24. Let Me Explain You: an Interview with Author Annie Liontas

annie_liontas

Annie Liontas’ debut novel, LET ME EXPLAIN YOU, is forthcoming from Scribner in 2015. Her story “Two Planes in Love” was selected as runner-up in BOMB Magazine’s 2013 Fiction Prize Contest. Since 2003, Annie has been dedicated to urban education, working with teachers and youth in Newark and Philadelphia. Currently she co-hosts the TireFire Reading Series. She lives with her wife in Philadelphia across the street from the best pizza joint [22:38].

 

Visit Annie’s website

Follow Annie on Twitter: @aliontas

Highlights

On writing her novel…

“I worked on it for about three years, but it was during my MFA so in people years, that would have been like five [years].”

“I think all writers… are looking to get blessed or christened. And like, no one really does that.”

On her MFA program…

“Syracuse is wonderful, in that they help support you. You don’t get in there for the contacts. And, you know, nothing is guaranteed. But it was really the relationships that I developed that led to this fortuitous thing.”

On the editing process…

“I found everyone at Scribner to be really in support of the work and not wanting to water it down or change it. It felt like they took the book on because they believed in it and everything they did would only make it better and I should stop being so precious…for me that was such a pleasant experience.”

On the Philadelphia Literary Scene…

“If you’re a writer and you don’t want to be in Brooklyn, then you should probably move to Philly.”

Who’s Who

Syracuse MFA program

Christine Schutt — author of Prosperous Friends

Ellen Litman — author of The Last Chicken in America

Arthur Flowers — Annie’s Syracuse mentor & “Hoodoo visionary from Tennessee”

Sarah Rose Etter — Tire Fire Reading Series co-host

Tire Fire Reading Series Guests: Colin Barrett, Kelly Link, Roxanne Gay, Diane Cook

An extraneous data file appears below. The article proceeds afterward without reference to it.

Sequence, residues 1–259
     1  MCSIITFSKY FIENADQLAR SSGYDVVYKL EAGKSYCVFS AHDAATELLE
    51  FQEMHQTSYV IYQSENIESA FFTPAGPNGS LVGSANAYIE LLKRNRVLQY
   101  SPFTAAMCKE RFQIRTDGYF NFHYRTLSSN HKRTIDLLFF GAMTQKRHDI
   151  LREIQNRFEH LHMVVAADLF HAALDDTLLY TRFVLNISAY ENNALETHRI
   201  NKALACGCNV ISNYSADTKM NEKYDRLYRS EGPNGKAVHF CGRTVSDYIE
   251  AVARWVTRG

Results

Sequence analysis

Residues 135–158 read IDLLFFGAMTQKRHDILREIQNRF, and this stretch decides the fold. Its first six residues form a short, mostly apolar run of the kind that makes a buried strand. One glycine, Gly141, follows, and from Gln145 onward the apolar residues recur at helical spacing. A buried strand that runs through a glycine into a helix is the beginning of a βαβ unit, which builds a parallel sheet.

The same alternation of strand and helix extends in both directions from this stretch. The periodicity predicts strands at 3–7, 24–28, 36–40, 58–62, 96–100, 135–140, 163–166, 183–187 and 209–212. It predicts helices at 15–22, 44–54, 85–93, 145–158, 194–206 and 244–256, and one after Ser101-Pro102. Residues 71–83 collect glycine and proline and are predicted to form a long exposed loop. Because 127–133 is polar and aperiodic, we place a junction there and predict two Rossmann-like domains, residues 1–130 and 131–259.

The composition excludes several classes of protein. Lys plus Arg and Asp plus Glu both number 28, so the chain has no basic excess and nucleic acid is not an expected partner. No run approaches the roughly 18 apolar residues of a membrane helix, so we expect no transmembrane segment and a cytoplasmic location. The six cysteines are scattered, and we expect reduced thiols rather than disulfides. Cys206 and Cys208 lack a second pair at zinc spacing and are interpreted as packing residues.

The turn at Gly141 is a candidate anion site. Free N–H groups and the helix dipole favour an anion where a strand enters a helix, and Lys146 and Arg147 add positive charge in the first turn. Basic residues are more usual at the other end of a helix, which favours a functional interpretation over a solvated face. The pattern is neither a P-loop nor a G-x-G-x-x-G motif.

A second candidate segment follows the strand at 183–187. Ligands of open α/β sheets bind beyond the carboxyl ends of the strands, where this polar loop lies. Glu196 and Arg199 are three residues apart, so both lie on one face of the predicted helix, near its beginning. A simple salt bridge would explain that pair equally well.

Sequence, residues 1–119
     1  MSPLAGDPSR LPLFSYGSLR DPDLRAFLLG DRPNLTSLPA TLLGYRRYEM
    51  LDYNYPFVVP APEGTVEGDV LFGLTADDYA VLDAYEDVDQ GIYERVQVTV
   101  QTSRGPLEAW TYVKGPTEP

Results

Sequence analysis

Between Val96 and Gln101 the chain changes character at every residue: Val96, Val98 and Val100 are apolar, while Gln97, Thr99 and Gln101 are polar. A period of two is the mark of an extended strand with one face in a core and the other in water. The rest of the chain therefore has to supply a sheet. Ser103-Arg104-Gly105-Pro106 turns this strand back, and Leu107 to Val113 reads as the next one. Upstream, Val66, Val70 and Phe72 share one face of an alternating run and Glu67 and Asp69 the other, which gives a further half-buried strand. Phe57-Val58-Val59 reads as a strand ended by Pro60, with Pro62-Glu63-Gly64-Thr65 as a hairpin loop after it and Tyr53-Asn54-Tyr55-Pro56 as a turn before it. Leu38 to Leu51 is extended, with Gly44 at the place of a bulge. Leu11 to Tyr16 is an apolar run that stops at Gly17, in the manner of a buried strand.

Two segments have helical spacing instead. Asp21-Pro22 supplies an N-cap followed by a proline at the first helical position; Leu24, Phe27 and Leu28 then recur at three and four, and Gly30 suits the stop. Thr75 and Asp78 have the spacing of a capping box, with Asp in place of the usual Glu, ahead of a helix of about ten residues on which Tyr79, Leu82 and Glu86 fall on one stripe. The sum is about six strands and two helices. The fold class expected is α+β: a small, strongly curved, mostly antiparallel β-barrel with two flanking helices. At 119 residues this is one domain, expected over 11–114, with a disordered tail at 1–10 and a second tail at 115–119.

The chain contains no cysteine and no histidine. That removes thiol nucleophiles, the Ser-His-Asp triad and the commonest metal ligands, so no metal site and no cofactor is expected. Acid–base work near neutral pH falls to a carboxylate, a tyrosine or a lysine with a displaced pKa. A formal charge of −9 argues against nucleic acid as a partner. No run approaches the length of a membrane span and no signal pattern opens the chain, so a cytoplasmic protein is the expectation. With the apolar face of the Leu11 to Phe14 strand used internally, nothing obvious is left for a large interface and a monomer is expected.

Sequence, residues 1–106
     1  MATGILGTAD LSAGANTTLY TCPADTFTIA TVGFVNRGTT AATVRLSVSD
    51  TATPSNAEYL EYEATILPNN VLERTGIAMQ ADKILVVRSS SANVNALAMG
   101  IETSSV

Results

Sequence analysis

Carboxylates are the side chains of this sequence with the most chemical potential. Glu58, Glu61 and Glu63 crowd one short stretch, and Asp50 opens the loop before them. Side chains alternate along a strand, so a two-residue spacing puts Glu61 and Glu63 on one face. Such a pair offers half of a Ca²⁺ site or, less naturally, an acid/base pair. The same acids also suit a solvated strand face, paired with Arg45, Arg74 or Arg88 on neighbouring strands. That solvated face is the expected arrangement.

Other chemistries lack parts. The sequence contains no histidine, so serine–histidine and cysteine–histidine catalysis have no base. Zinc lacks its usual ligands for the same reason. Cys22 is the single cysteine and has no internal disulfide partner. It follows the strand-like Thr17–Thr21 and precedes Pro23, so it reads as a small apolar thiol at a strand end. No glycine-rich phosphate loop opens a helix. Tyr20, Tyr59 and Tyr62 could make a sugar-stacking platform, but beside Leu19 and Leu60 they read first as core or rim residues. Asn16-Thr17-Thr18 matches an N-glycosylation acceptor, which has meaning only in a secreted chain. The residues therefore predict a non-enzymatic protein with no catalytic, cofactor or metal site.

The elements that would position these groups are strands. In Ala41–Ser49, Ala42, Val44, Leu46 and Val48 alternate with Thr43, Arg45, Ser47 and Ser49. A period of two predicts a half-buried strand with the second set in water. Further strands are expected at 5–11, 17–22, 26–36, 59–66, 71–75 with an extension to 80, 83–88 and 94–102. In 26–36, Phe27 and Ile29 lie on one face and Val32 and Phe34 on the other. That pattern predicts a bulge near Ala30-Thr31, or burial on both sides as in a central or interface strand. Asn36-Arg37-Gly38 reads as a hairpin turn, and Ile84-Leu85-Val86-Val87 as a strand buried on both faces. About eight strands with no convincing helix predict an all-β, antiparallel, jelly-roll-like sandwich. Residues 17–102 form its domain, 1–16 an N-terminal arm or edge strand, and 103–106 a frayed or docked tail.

Bocas Lit Fest — held in Trinidad & Tobago

Closing Quote

“No death for you; you are involved.” –Welden Kees

 

“If there’s a book you really want to read but hasn’t been written yet, then you must write it.” –Toni Morrison

 

14. Mysticism & Maturity: A Dialogue with Author Stephanie Reents

stephanie_reents

Stephanie Reents is the author of The Kissing List (Hogarth, 2012). Her work has appeared in the O. Henry Prize Stories, Best of the West, Epoch, StoryQuarterly, Gulf Coast, Pleiades, and Denver Quarterly, among other places, and been noted in Best American Short Stories and Pushcart Prize. She earned her MFA from University of Arizona and has been awarded a Rhodes Scholarship, a Stegner Fellowship, and a MacColl Johnson Fellowship for fiction from the Rhode Island Foundation. An Associate Professor of English at College of the Holy Cross in Worcester, MA, Stephanie lives in Cranston, RI with her husband and multiple cats.

 

Stephanie’s website: stephaniereents.com

Highlights

On the creation of The Kissing List

“I was sifting through the stories on my hard drive–because I didn’t want to start working something new–seeing if there was anything partially finished that I could attempt to finish. I realized that I had been writing a number of stories about young women, without being fully cognizant of it, and it suddenly made sense to me: Why don’t I have a collection of stories about young women figuring out that decade after they graduate from college?

“It wasn’t a collection of interconnected stories. The connecting of the stories didn’t happen until after the collection had been acquired by the publisher. My editor suggested that I try connecting the stories, which was very psychologically challenging.”

On writing mystical, unreal stories…

“Any writer knows that you have to use your own life for scale… We use the places we know, and we use some of the experiences we’ve had, to create the texture of verisimilitude or believability in a story or novel. So, I definitely draw from experiences I’ve had or places I’ve lived in order to make things feel believable, to give the story the texture of something that’s real, even if it’s obviously not real.” Continue reading